We investigated MMC indications in eyes with myopia up to −5.50 D with or without astigmatism (spherical equivalent up to −6.00 D), and corresponding total laser ablation depths below 160 μm. It should be kept in mind that the ablation depth in transepithelial PRK is the sum of epithelial and stromal ablations. It is expectedly higher than PRK for the same level of myopia because the ablation depth in PRK includes only the stromal ablation. Considering this inconsistency in ablation depth among different PRK modalities, degree of myopia rather than ablation depth should be referred to when comparing indications of MMC application among these procedures. We doubted MMC indications following single-step transepithelial PRK in myopia up to −5.50 D (spherical equivalent up to −6.00 D), which differs from the existing consensus regarding its application during PRK.15 In support to our findings, Margo and Munir2 suggested spherical equivalent of greater than 6.00 D, astigmatism of greater than 1.50 D, and myopia of greater than 5.25 D as cut-off points for the risk of corneal haze induction following refractive surgery. A review by Majmudar et al.15 about MMC application during PRK concluded that there is controversy regarding the optimum dosage and duration of MMC application in mild myopia; however, they did not doubt the necessity of MMC application in moderate and high myopia.

Some limitations should be noted in interpreting our findings. Potential influence of topical application of any drug (in this case MMC) on the fellow eye of the same patient could have affected our control group's haze results. Furthermore, more prolonged use of topical corticosteroid in our regimen compared to previous regimens could have modified the haze results obtained in this study. However, the latter is expected to have exerted similar effects on both eyes regardless of the MMC application.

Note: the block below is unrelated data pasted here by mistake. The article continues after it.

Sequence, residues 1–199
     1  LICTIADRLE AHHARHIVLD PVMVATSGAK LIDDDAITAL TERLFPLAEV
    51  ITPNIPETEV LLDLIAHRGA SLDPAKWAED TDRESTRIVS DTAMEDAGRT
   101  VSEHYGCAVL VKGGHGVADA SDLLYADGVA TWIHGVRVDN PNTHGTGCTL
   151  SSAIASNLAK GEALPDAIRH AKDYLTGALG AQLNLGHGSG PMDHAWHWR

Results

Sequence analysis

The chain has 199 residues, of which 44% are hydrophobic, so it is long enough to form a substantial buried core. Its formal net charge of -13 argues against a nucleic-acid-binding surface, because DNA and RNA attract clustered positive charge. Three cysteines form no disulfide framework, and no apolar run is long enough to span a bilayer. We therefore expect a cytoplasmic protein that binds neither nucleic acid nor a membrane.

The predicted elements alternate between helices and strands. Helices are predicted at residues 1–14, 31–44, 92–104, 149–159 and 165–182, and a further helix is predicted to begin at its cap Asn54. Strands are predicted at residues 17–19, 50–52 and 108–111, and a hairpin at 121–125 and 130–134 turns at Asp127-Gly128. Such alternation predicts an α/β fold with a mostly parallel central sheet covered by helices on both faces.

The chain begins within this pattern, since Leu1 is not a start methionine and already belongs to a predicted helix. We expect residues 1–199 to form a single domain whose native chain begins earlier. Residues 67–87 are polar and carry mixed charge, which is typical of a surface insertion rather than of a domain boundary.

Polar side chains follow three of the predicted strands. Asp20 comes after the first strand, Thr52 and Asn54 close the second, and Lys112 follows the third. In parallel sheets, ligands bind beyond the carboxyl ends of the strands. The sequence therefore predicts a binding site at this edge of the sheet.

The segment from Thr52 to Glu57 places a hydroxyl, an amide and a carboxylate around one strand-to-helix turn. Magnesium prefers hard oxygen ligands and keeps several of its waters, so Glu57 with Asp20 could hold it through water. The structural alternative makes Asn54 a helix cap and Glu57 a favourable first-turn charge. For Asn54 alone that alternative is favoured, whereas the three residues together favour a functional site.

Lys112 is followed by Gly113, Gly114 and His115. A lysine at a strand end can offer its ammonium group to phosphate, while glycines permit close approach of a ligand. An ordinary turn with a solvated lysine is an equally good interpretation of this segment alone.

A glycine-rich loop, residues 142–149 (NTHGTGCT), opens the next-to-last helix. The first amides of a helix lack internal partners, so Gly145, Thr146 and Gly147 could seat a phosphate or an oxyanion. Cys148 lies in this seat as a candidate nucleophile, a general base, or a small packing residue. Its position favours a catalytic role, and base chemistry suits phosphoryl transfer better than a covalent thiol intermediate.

We found that 0.02% MMC application does not have a significant preventive effect on haze induction after single-step transepithelial PRK in mild to moderate myopia (spherical equivalent up to −6.00 D). The postoperative refraction, visual acuity, contrast sensitivity, and HOAs were comparable between our two study groups with and without MMC application. We also showed more endothelial cell toxicity in the MMC-treated eyes, further questioning the use of MMC in this subgroup. More studies on varied ethnical samples and with different MMC regimens are needed to further clarify the role of MMC in single-step transepithelial PRK.

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Preoperative Ophthalmologic Parameters of Myopic Eyes Undergoing Single-Step Transepithelial PRKa

ParameterRight EyeLeft EyeP
Ablation depth (μm)122.35 ± 21.50122.90 ± 21.17.88
Optical zone (mm)6.70 ± 0.356.71 ± 0.36.88
Transitional zone (mm)1.15 ± 0.371.14 ± 0.34.87
Corneal central thickness (μm)547.32 ± 37.44546.67 ± 37.3.92
Spherical equivalent (D)−3.20 ± 1.23−3.28 ± 1.22.70
Cylindrical refraction (D)−0.81 ± 0.54−0.77 ± 0.57.67
LogMAR UDVA0.51 ± 0.360.55 ± 0.36.51
LogMAR CDVA−0.05 ± 0.05−0.06 ± 0.05.23
Contrast sensitivity
  Photopic0.95 ± 0.300.89 ± 0.28.22
  Mesopic1.09 ± 0.530.99 ± 0.49.24
Corneal wave-front HOAs (μm)
  Coma0.33 ± 1.530.19 ± 0.10.41
  Trefoil0.15 ± 0.100.14 ± 0.06.47
  Spherical0.23 ± 0.060.23 ± 0.06> .99
  Tetrafoil0.05 ± 0.040.04 ± 0.04.14
Endothelial cell characteristics
  Cell density (cells/mm2)2,863.94 ± 295.142,829.72 ± 301.79.50
  Coefficient of variance30.64 ± 4.9729.68 ± 5.28.27
  Hexagonality (%)59.82 ± 10.5459.58 ± 10.12.89